Latitude Financial warns customer data breach could widen and hack ‘remains active’

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The amount of customer data stolen from Australian company Latitude Financial may grow, with the non-bank lender confirming that drivers licences, passports and Medicare numbers have already been hacked.

The company went public about the cyber attack last Thursday.

It said then that about 330,000 customers were thought to have had their personal information stolen.

Today it reiterated that the vast majority of data thought to have been stolen were copies of licences and their numbers.

However, it said about 5 per cent of what had been confirmed stolen was copies of passports and Medicare cards.

The company said on Monday the scope of what was thought to have been stolen might grow as it continued to review “non-customer originating platforms and historical customer information”.

 “We are likely to uncover more stolen information affecting both current and past Latitude customers and applicants,” it said.

“Latitude encourages our customers to remain vigilant. We will never contact customers requesting their passwords.”

“The attack on Latitude is now the subject of an investigation by the Australian Federal Police.”

It said also the situation “remains active”.

UNSW Institute for Cybersecurity’s Associate Professor Rob Nicholls said this was “even more concerning”.

“It suggests that Latitude’s service providers have not really addressed the problem,” he told ABC News.

“It also increases the likelihood of a hybrid attack that is both ransom and theft.

“If the intruders are still in the system, they have an opportunity to encrypt files.”

The non-bank lender offers short-term loans, credit cards and travel cards, and buy now pay later services with major retailers, including Apple, Harvey Norman and JB Hi-Fi.

The company has faced anger and criticism from its estimated 2.8 million customers about the cyber attack.

Some have criticised the company for not telling them sooner what sort of data had actually been breached or if their information had been compromised.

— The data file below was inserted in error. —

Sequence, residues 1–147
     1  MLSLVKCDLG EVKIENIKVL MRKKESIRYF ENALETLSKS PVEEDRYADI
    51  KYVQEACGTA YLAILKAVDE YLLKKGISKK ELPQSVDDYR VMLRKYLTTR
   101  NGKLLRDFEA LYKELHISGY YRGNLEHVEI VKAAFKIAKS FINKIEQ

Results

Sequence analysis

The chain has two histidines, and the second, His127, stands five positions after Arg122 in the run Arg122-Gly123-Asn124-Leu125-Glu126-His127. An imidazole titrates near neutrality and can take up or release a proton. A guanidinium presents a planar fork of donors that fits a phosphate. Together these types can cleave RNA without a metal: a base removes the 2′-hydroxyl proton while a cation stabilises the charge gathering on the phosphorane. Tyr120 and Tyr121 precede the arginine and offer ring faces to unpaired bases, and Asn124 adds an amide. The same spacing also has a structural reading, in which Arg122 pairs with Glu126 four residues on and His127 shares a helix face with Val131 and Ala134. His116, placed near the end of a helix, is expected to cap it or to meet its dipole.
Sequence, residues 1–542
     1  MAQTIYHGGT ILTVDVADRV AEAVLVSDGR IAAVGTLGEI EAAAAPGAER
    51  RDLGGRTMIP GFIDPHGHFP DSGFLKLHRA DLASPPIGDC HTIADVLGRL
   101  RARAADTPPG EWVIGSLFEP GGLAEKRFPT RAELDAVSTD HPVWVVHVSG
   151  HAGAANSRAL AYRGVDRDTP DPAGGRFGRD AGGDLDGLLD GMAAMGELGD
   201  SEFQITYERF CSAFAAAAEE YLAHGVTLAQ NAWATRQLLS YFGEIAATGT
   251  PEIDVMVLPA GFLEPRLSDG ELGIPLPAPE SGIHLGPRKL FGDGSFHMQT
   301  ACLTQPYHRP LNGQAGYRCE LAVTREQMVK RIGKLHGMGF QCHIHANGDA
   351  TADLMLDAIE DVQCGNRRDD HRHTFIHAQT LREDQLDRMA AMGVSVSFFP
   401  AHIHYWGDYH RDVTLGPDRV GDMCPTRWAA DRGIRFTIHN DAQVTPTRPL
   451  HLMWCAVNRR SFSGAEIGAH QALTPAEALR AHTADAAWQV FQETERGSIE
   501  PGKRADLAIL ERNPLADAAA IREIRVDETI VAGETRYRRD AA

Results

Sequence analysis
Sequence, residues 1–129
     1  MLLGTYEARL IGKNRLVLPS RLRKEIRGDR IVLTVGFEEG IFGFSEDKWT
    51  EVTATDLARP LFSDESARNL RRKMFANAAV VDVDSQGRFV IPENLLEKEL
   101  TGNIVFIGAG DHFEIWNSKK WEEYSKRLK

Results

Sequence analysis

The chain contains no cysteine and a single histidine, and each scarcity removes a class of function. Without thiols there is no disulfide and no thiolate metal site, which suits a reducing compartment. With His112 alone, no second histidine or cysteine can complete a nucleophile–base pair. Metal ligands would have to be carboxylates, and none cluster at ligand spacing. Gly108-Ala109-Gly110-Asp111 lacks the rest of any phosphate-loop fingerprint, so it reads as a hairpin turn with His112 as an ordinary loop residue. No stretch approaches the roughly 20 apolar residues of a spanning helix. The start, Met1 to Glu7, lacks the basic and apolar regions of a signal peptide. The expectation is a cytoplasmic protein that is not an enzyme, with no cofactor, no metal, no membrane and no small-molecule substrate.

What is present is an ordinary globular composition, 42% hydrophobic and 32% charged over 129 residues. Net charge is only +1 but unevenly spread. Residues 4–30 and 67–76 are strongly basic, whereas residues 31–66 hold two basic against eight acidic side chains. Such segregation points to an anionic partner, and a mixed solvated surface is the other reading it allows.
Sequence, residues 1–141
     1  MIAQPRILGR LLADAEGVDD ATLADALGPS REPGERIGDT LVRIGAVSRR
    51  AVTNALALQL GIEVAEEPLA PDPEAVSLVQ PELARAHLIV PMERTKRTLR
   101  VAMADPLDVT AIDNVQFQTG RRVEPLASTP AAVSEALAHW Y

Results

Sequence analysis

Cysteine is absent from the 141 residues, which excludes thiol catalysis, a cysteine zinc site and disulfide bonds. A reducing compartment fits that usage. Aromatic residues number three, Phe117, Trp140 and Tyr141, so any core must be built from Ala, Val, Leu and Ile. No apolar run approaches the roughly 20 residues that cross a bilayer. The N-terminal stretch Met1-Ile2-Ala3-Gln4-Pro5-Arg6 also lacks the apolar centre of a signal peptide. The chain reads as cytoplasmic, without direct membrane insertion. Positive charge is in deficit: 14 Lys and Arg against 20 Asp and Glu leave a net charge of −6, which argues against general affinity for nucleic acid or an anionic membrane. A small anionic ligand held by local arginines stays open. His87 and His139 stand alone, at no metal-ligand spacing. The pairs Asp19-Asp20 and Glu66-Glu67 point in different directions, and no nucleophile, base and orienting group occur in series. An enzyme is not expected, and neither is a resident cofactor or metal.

The company’s call centre is also offline, apparently due to ongoing security risks after the hack, which is only further upsetting customers.

Latitude says it will today start contacting customers who are thought to have had their data stolen.

It noted the breach affected past and present customers.

Today, Latitude’s chief executive Ahmed Fahour apologised to them.

“I sincerely apologise to our customers and partners for the distress and inconvenience this criminal act has caused,” he said in today’s statement.

“I understand fully the wider concern that this cyber-attack has created within the community.

“While we continue to deliver transactional services, some functionality has been affected resulting in disruption.

“We are working extremely hard to restore full services to our customers and merchant partners and thank them for their patience and support. We understand their frustration.”

The incident follows well-publicised breaches on telco Optus and private health insurer Medibank.

Latitude Financial did not reply to questions from ABC News about whether the hackers had asked for a ransom.

Medibank customers’ data was posted to the dark web last year after the insurer refused to cough up money to a Russian-linked entity for its stolen data.

The federal government has previously backed the decision of companies not to pay ransoms, and it has also announced plans to overhaul a $1.7 billion cybersecurity plan set up under former prime minister Scott Morrison.

A national cyber office — led by a new coordinator for cybersecurity — will be established under the Home Affairs Department to lead the renewed strategy.

Speaking on Friday, federal Treasurer Jim Chalmers confirmed Latitude was working with relevant federal authorities on the “substantial cyber breach”, which is potentially subject to a criminal investigation.

“People are obviously concerned when we have these kinds of data breaches,” he said.

“And there’s a hunger for information, and I understand that.”

By business reporter Emilia Terzon (Original ABC Article)